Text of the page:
• Thanks for the advice. I use the starting proceedures you have indicated still no go. The vehicle is not cold cold but after it sits it wont start so the chap who figures it may be the pressure regulator (fuel drain back) may have the answer even though the fuel pump is working the way it should. The temp sensor works as when the car warms up it indicates a temperature on the gauge. Thanks
  • I have several white patches on my 2007 silver jetta probably because of sunscreen lotion. They seem to be resistant to normal washing and the dealer can not say how to remove them. Any suggestions will be appreciated...
  • jogousajogousa Posts: 402
    Try Meguiars scratch X or Nu-Finish polish - I have had a good experience with those two removing sun baked in bird droppings. It appears that your clearcoat might have been penetrated by the sun screen lotion. If that fails, have a reputable body shop buffed it out.

    Dealers normally have the body or paint repairs subcontracted out to independent body shops.
    Alternatively, ask any M. Benz/BMW or Lexus dealer, which body shop they use and have that body shop fix it.
  • I seem to be having quite a few light bulbs going out on this car from a headlight to taillights and now I have a led light that keeps burning out on the 3rd brakelight. Everytime I take it to the dealer to replace it the light seems to be working. They even showed me, but when i got the car home it was out again. it's under warranty so I will keep going back I guess. Not trying to nitpick, but I don't lke burned out lights on my car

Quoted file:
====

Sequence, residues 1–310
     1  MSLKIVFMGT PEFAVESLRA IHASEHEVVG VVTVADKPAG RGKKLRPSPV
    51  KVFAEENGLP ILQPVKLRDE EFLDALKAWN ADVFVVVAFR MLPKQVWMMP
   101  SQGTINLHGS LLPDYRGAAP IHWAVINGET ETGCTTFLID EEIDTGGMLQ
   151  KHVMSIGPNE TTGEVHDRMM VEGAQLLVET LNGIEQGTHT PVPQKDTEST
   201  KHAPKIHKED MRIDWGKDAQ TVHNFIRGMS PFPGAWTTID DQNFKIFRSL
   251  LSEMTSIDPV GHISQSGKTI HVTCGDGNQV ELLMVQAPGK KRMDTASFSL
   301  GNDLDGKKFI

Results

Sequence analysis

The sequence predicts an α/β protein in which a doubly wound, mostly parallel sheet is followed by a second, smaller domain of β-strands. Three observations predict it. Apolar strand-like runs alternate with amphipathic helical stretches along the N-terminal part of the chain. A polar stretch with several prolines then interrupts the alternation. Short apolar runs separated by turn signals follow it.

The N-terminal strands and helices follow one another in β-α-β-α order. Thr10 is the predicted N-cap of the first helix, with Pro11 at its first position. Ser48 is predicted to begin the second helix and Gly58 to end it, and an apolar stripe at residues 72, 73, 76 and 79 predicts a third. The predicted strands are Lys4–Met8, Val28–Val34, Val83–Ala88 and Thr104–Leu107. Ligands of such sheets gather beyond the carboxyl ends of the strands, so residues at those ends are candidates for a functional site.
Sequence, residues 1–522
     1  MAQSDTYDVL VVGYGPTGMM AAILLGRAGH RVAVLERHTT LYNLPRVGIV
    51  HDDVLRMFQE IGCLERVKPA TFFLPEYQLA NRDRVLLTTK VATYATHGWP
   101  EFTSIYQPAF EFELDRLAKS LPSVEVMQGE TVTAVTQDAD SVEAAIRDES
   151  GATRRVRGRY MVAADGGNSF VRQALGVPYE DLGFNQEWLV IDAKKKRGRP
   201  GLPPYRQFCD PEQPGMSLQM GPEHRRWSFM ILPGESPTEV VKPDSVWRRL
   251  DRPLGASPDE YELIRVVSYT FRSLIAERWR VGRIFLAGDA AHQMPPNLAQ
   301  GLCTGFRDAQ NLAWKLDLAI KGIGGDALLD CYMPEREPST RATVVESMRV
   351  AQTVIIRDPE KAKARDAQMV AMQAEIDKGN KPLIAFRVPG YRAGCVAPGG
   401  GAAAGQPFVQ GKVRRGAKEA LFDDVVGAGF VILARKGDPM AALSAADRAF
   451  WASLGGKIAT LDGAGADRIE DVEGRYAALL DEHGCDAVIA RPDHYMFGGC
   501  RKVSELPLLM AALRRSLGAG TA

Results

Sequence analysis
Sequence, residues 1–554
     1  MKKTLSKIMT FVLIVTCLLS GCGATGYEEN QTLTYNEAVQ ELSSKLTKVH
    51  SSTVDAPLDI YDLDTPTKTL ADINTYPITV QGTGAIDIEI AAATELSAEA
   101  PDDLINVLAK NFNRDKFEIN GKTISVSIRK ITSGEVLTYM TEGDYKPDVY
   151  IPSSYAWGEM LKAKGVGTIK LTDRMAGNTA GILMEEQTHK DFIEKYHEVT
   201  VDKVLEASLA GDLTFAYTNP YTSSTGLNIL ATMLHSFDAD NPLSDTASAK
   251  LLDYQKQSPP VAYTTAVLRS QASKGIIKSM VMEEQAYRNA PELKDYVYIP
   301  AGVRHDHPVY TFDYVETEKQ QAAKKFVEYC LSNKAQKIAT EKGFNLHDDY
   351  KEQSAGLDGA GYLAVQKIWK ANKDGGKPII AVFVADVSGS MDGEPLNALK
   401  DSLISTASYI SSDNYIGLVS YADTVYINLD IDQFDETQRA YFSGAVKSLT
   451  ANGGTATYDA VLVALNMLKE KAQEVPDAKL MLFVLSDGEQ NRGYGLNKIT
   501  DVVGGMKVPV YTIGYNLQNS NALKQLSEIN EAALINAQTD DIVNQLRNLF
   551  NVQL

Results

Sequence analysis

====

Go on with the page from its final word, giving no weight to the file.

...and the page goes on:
• bpeeblesbpeebles Posts: 4,085
    The local constabulary does not like burned-out lightbulbs either... they will gleefully give you a ticket for such.

    Upun hearing complaint of MULTIPLE burned-out bulbs, a good mechanic should consider the voltage is not being properly regulated. They would also check the voltage regulator and also snug up all electrical-connections to/from the regulator. Also the battery-connections and the Ground to the engine should be checked/snugged.

    On the other hand, bulbs that tend to go out and come back can be a different problem besides voltage-regulation. I have seen the sockets which the bulbs plug into be 'flakey' and have intermittent contact.

    Sometimes, the filiment within the bulb can be broken but waving around within the bulb.... sometimes they may make contact and light up.... drive over a bump and they will loose contact and go out. In this case, REPLACE THE BULB.

    The LEDs on the 3rd brake lightbar are SOLDERD in and very unlikely to individually have problems. (Unless solder connections are poor.)
  • ndmike88ndmike88 Posts: 155
    3M liquid rubbing or polishing compound followed by several coats of RejeX.
  • If you have antifreeze in your oil, don't drive this car any further. This is most likely a head gasket failure. If you continue to drive, the oil will 'run out', and only antifreeze in the engine as a lubricant. This will cause major damage. A quick check is to start the engine. If you get white smoke, it is the antifreeze burning up (like steam). I would take this to your trusted mechanic (tow it there).

    If you cause major engine damage with blown head gaskets, you are looking a several thousands in repair, depending on the damage.

    Bel Air Car Guy.
Sign In or Register to comment.